Fiber to the Library Initiative Gains Endorsements

  • Broadband Penetration
SAN FRANCISCO, CA and WASHINGTON, DC - In a watershed moment for public libraries across the U.S., Digital Village Associates announced today new support for the national "Fiber to the Library" project with endorsements from The National Association of Telecommunications Officers and Advisors (NATOA), Fiber to the Home Council (FTTH), and Google Inc.

Dubbed "Fiber to the Library," the two-year-old initiative aims to bring next-generation Internet connectivity into every U.S. community by 2012 through the nation's 16,500 public libraries. The initiative conceives of libraries as Community Technology Hubs - places where people can test and explore new technologies in a trusted environment; find professional guides to help navigate the often daunting world of online services, especially those created by government agencies; and research, archive and digitize local historical and cultural information such as newspapers, photos, and other unique documents.

Although most libraries have broadband Internet service available to patrons today, speeds are often too slow to accommodate the growing needs of library fixed workstations and patrons' own wireless devices. New demands for next-generation applications such as high-definition videoconferencing worsen the situation.

The American Recovery and Reinvestment Act (ARRA) of 2009 requires the Federal Communications Commission (FCC) to deliver to Congress a National Broadband Plan by February 2010 - a key opportunity to lay the groundwork for a communications infrastructure capable of meeting 21st century demands.

"New, broadband-intensive services will be generated sooner and made available more broadly via fiber-connected libraries. Providing next-generation broadband access via optical fiber to America's libraries assures our library system will be able to meet the information needs of the 21st century," said Joe Savage, FTTH Council President.

Richard Whitt, Google's Washington telecom and media counsel, said, "Providing high-capacity fiber -- at 100 Mbps speeds -- to each and every public library can help transform those institutions into future technology hubs, local community nodes, and the essential information centers for the 21st Century. Any national broadband plan must take account of the enormous supply-side and demand-side potential of these unique community institutions."

"NATOA is proud to endorse the 'Fiber to the Library' initiative. Countless local governments have worked with public libraries for more than a decade to offer high-capacity Internet access over fiber optics, much as we do to other key anchor institutions such as schools and first responders," said NATOA President, Mary Beth Henry. "Libraries serve the essential function in any community of offering connectivity to the unconnected, and as the public space where all can experience the value of next generation online applications."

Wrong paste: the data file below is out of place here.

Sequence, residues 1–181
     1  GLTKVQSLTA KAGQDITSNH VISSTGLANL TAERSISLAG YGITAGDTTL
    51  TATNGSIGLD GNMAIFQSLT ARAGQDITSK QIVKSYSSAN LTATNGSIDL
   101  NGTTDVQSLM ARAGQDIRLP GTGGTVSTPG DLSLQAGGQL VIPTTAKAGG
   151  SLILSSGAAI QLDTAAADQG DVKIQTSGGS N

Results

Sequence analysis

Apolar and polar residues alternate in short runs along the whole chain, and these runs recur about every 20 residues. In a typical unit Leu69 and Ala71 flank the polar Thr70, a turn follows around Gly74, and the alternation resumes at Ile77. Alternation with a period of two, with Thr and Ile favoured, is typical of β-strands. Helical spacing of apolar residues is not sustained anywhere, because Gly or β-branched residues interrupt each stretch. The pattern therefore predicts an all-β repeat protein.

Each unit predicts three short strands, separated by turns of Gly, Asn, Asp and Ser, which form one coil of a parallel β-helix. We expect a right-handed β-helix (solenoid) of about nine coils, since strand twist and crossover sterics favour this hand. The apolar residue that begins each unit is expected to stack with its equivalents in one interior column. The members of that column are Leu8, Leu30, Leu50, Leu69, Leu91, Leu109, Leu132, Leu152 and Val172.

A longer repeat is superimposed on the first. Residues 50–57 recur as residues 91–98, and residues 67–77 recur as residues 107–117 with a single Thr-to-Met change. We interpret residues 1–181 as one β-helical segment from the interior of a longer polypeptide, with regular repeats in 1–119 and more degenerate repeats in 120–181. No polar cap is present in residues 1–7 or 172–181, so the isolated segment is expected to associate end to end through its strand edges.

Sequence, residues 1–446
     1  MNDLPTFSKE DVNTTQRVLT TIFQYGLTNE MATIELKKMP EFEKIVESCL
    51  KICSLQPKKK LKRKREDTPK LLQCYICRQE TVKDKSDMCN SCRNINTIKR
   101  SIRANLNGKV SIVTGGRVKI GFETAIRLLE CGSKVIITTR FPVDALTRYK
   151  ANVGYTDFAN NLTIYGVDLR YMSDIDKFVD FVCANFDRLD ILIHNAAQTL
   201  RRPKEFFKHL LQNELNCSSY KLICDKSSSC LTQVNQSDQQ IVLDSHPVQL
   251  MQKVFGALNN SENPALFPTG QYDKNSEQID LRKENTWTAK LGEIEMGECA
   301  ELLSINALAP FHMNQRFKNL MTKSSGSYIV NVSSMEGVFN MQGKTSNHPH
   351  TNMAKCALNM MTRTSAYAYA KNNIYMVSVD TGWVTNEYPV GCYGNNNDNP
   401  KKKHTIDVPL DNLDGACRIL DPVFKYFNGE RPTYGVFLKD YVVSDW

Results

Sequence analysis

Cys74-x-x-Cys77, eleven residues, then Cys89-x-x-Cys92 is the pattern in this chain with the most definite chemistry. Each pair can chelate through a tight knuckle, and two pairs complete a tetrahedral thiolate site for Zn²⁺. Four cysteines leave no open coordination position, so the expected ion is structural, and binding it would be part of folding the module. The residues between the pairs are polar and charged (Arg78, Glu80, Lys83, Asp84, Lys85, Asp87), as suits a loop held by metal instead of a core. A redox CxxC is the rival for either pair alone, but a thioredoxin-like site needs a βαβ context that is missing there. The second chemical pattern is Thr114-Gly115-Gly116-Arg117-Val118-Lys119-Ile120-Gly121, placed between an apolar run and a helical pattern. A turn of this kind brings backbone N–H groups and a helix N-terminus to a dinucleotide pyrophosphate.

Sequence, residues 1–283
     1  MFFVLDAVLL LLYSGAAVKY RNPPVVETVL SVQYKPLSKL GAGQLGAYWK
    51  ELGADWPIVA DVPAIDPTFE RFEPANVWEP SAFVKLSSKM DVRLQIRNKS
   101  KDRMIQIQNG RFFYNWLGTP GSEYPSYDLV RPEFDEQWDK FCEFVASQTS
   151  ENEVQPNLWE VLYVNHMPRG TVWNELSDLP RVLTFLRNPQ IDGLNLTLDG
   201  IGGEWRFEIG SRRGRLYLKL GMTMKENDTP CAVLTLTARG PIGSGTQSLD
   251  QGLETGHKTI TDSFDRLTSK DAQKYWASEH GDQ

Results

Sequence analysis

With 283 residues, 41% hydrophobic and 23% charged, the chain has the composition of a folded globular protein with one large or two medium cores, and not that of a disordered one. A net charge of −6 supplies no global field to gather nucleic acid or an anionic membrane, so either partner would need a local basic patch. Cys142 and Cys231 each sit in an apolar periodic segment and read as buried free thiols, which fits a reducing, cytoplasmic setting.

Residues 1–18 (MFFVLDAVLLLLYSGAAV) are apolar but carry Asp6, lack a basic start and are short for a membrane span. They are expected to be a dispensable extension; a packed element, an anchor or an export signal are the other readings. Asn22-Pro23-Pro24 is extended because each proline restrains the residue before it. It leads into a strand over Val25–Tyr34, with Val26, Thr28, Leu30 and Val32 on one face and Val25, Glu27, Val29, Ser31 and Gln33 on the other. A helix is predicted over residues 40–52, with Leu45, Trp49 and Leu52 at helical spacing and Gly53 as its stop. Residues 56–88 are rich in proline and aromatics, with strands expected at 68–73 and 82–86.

The strategy to connect every library with fiber optic communications creates a future-proof investment while also extending the nation's physical infrastructure.

"Libraries serve as the most logical community hub and gathering place to provide access to emerging technology and information," said Digital Village founder, Don Means, originator of the FTTL initiative. "By contributing a tiny percent of ARRA funds to provide fiber speed Internet to libraries we create the most cost effective, most equitable, and quickest way to deliver next-generation broadband services into every community in the country -- this is easily the biggest bang for the stimulus buck."

As part of the ARRA, the Federal broadband stimulus program has allocated funds specifically for libraries and provides the basis for states and local communities to complete the job. The ARRA appropriated $7.2 billion and directed the Department of Agriculture's Rural Utilities Service (RUS) and The Department of Commerce's National Telecommunications Information Administration (NTIA) to expand broadband access to underserved communities across the U.S., increase jobs, spur investments in technology and infrastructure, and provide long-term economic benefits.

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